1961 “Cold War” TLS praising Senator Robert A. Taft’s integrity and courage and the work of an educational foundation named for him
Description: (1874-1964) Mining engineer in North America, Europe, Asia, Africa and Australia1895-1913, Secretary of Commerce 1921-28 (Harding-Coolidge), President of the US 1929-33 (Republican).
TLS on 10 ½ x 7 ¼ personal letterhead from his Waldorf-Astoria Towers residence, New York City, October 1961, to Jeremiah (“Jerry Jr.”) Milbank Jr., NYC. At Milbank’s request, the former president, unable to attend a meeting in person, sends a message, as follows: “It is important that Senator Taft’s devotion to our American heritage, his analysis of our national problems, and above all, his integrity and courage should be preserved in the minds of his countrymen. At a time when the fundamental precepts of our form of government are menaced by the spread of foreign dogmas, your work is of significant importance. You have my good wishes, Yours faithfully, [sgd].”
At this writing, the Cold War was “heating up” as potential conflicts in Berlin and South Vietnam loomed as well as USSR atmospheric nuclear bomb testing.
ROBERT A. TAFT (1889-1953) Eldest son of William H. Taft, Ohio US Senator 1939-53, conservative GOP presidential hopeful. A 1957 Senate committee named him as one of the 5 greatest senators in US history.
Harvard Law 1913, practiced law in Cincinnati, helped found the law partnership Taft, Stettinius, and Hollister. In 1918–19 he was in Paris as legal adviser for the American Relief Administration, Herbert Hoover’s agency which distributed food to war-torn Europe. Elected US Senator in 1938, led the conservative coalition opposing the New Deal he condemned as socialist. He attacked deficit spending, high farm subsidies, government bureaucracy, the National Labor Relations Board, and nationalized health insurance but supported public housing programs and the Social Security program. He enunciated a conservative agenda that promoted economic growth, individual economic opportunity, adequate social welfare, strong national defense, and noninvolvement in European wars. He harbored a deep suspicion of involvement in postwar military alliances, including NATO. He became chairman of the Senate Republican Conference in 1944.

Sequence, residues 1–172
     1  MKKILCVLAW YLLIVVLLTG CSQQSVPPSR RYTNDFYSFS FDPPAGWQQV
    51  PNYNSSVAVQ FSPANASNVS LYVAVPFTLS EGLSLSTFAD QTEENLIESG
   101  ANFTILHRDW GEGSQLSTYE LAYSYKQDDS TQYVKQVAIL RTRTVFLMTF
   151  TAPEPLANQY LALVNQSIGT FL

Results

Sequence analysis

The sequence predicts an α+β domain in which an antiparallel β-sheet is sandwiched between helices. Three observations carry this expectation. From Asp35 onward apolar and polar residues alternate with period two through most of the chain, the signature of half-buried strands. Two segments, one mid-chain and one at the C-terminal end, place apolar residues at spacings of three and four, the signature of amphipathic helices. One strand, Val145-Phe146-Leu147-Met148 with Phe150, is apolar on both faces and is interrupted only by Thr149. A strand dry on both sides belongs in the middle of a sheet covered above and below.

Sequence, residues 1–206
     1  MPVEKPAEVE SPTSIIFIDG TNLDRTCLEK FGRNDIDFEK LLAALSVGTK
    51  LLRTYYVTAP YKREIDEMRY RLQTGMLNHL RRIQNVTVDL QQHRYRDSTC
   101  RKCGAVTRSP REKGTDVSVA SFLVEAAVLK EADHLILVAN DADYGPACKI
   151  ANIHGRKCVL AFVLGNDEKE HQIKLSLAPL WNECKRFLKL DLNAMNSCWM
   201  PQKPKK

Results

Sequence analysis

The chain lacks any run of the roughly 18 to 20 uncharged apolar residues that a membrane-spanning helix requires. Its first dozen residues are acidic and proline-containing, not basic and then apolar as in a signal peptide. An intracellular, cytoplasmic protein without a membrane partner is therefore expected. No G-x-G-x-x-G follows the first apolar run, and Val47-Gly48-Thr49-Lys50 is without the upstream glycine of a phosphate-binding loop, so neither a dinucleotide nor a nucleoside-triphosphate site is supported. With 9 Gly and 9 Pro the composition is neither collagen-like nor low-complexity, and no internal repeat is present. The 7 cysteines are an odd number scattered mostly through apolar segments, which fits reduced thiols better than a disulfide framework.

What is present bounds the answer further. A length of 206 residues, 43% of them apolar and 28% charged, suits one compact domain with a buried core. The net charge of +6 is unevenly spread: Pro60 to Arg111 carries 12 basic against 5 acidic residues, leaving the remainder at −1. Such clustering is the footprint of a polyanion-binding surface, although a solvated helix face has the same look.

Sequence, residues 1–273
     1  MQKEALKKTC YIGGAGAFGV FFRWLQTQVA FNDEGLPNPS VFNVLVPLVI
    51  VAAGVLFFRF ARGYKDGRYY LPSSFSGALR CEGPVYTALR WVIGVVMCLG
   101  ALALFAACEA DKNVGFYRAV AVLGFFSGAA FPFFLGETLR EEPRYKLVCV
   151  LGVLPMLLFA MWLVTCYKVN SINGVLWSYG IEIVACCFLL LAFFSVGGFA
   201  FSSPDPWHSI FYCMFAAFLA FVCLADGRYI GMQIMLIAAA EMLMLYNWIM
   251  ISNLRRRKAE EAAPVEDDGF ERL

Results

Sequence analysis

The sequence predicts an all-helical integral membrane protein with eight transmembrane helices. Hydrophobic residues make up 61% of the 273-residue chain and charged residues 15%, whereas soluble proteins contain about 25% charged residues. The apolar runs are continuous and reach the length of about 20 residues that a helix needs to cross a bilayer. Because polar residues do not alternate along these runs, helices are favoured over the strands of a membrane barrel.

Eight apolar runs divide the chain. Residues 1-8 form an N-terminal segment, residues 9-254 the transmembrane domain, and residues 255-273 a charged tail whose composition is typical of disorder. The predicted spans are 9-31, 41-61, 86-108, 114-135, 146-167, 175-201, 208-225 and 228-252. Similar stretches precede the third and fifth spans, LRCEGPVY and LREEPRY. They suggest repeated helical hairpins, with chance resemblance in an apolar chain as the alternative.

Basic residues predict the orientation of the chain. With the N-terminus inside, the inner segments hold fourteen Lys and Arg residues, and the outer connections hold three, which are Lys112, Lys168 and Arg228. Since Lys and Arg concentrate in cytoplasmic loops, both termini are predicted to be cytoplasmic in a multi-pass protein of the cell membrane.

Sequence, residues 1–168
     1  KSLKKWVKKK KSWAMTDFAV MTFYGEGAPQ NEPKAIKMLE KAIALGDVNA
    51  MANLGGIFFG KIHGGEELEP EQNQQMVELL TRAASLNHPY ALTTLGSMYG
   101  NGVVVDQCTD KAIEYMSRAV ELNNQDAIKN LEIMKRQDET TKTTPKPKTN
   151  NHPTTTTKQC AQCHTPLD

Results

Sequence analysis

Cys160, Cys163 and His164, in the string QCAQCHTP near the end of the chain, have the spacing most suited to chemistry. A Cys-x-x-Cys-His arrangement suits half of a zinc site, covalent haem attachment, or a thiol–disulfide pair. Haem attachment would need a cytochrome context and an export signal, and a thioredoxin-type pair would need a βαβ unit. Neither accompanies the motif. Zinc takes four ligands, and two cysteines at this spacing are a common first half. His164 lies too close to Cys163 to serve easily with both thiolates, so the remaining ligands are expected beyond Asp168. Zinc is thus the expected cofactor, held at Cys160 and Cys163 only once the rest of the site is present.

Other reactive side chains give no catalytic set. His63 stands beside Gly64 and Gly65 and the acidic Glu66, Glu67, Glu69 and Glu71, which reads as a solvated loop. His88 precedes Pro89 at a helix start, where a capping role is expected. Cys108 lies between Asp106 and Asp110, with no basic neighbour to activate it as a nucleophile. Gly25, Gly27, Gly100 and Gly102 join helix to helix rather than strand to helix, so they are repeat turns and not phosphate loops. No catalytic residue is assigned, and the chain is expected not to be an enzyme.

Taft condemned the post-WW II Nuremberg Trials as violating US justice and internationally accepted standards in favor of a politicized version of justice. His opposition to the trials was strongly criticized by Republicans and Democrats. John F. Kennedy, in his book, “Profiles in Courage”, applauded Taft’s principled stand in the face of great bipartisan criticism.
When the GOP took control of Congress in 1947, Taft focused on labor-management relations as Chair of the Senate Labor Committee and wrote the anti-labor 1947 Taft-Hartley Act. When the GOP controlled the Senate 1947-49, Taft was his party’s leading voice in domestic policy. In foreign policy, he was non-interventionist and did not see the USSR as a major threat. The true danger, he believed, was big government and runaway spending. He led Republicans in condemning Truman’s handling of the Korean War and questioned the constitutionality of the War itself. In 1950, he won a 3rd term and given the nickname “Mr. Republican,” the acknowledged leader of the GOP conservative faction. His 3rd and final try for the GOP nomination in 1952 was his strongest, however the race changed when Dewey and other GOP moderates convinced Eisenhower to run for the nomination. Following Ike’s election and the GOP takeover of Congress, Taft was Senate Majority Leader in 1953, and strongly supported Eisenhower’s domestic proposals.
The Robert A. Taft Memorial, featuring a 10′ statue, is located north of the Capitol on Constitution Avenue. The Robert A. Taft Institute of Government Institute was created in 1962 as a tribute to him, a bipartisan foundation that promotes seminars on government to help prepare young people for participation in politics.
Condition: Very good, 2 mail folds